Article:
Damaged during Hurricane Juan, the building has been in a state of disrepair for years and is in need of substantial restoration. The upper floors have been vacant since 2005, and the lower floors since 2013. It had been threatened repeatedly with demolition by its previous owner before being sold to the Ghosns, who saw a greater opportunity in investing in one of Halifax’s most distinguished historical commercial buildings.



The original 1896 facade faces Barrington street, while the Granville Street side is not original and has been altered over the years. (A portion is concrete construction, suggesting it was built after 1929.) The approved changes include a restoration of the Barrington half of the building to its original appearance, using the original Whiteway drawings as a reference; the demolition and reconstruction of the Granville Street half of the building; and the addition of three storeys above. The additional height will be set back, to be minimally visible from Barrington Street. This project largely preserve both internal and external elements of the building, retains the additional street-facing appearance of the building, and improves the Granville Street facade. The preservation of the three storefronts at sidewalk level will ensure a lively streetscape, and maintain the historic character of Barrington Street.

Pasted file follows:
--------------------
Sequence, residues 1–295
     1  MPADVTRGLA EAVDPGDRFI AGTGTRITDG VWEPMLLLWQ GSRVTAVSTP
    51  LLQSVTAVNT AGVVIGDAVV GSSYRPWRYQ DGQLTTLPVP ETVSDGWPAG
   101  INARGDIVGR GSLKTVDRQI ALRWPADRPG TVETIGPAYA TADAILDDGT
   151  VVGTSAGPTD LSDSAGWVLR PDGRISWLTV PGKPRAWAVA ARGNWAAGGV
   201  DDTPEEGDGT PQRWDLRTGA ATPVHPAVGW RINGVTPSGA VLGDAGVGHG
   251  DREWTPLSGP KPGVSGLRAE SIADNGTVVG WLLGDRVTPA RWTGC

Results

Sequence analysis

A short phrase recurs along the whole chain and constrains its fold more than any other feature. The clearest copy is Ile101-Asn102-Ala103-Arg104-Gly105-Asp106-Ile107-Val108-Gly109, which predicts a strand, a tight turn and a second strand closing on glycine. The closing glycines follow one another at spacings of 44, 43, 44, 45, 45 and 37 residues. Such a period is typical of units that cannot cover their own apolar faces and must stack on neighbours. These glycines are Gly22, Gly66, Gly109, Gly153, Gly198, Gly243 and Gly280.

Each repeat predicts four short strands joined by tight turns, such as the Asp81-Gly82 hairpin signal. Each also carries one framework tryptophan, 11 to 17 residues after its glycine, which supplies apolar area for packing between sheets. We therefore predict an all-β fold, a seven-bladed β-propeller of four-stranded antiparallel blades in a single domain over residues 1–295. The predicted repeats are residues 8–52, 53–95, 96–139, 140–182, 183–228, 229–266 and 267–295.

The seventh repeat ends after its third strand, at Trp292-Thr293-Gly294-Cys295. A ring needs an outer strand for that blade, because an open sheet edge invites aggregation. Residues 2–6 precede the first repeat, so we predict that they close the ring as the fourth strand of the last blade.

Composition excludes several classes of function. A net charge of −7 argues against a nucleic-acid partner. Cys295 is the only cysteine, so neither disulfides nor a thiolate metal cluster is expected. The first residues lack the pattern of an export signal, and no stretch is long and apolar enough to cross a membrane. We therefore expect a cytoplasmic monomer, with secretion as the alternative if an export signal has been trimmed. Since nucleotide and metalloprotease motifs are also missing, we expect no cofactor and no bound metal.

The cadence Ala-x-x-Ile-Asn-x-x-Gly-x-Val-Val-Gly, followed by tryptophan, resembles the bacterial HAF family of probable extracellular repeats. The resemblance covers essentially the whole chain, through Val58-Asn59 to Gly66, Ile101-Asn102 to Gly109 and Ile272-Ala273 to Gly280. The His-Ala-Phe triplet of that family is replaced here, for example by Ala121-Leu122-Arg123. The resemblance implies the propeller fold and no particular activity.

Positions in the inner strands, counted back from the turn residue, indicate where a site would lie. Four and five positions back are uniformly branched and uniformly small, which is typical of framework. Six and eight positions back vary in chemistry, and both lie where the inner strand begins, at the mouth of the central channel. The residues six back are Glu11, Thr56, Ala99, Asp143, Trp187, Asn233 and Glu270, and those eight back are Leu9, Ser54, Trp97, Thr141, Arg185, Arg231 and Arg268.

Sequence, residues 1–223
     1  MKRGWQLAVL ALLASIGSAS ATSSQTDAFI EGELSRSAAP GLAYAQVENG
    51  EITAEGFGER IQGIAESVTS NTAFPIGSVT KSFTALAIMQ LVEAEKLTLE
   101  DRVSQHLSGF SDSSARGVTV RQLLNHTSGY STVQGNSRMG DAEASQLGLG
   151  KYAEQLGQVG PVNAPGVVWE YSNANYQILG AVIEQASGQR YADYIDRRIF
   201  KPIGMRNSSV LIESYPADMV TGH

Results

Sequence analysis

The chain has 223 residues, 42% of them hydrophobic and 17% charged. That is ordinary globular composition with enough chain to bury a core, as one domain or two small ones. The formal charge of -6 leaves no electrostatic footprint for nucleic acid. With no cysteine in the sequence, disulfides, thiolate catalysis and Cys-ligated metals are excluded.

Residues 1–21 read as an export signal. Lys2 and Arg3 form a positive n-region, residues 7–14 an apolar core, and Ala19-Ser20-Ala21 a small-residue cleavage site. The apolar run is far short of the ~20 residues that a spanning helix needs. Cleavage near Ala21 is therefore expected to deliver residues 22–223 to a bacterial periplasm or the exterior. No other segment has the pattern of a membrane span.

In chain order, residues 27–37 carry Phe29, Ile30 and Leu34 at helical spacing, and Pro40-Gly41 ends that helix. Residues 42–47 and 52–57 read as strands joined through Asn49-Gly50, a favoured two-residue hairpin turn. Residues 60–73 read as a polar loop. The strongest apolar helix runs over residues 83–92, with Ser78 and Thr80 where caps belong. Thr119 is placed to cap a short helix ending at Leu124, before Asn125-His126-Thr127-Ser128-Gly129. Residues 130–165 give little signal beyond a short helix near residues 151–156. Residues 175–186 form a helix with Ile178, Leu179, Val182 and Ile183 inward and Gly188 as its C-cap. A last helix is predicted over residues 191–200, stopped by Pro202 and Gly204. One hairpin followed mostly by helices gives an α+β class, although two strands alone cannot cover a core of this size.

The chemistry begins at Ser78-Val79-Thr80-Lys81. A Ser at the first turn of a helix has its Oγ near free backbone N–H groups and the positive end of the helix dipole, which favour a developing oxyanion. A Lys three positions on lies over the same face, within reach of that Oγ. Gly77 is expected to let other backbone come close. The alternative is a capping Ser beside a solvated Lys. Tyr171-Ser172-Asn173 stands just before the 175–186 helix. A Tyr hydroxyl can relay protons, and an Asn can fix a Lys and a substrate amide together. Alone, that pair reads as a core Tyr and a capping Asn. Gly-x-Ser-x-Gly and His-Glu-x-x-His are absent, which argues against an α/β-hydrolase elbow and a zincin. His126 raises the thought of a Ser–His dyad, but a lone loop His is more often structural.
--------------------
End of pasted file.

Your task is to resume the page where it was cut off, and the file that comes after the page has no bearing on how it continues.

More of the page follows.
This project proves that historic structures, even those in poor repair, can be profitably preserved, rehabilitated, and modernized to the benefit of developers and the city at large. AGBANS hopes that this development is successful, and that it will serve as a model to other developers in possession of historic buildings.

Historic Hotel to be Replaced with Bland Mixed-Use Box

Principal Developments Ltd and Paul Skerry Architects have announced plans to demolish the historic Elmwood Apartments at 5185-5189 South Street and replace it with a 6-storey mixed use development consisting of 42 residential units and 8,000 sq. ft of retail. Though not registered as a historic property, this building is one of the most architecturally significant within the city’s proposed Old South Suburb Heritage Conservation District.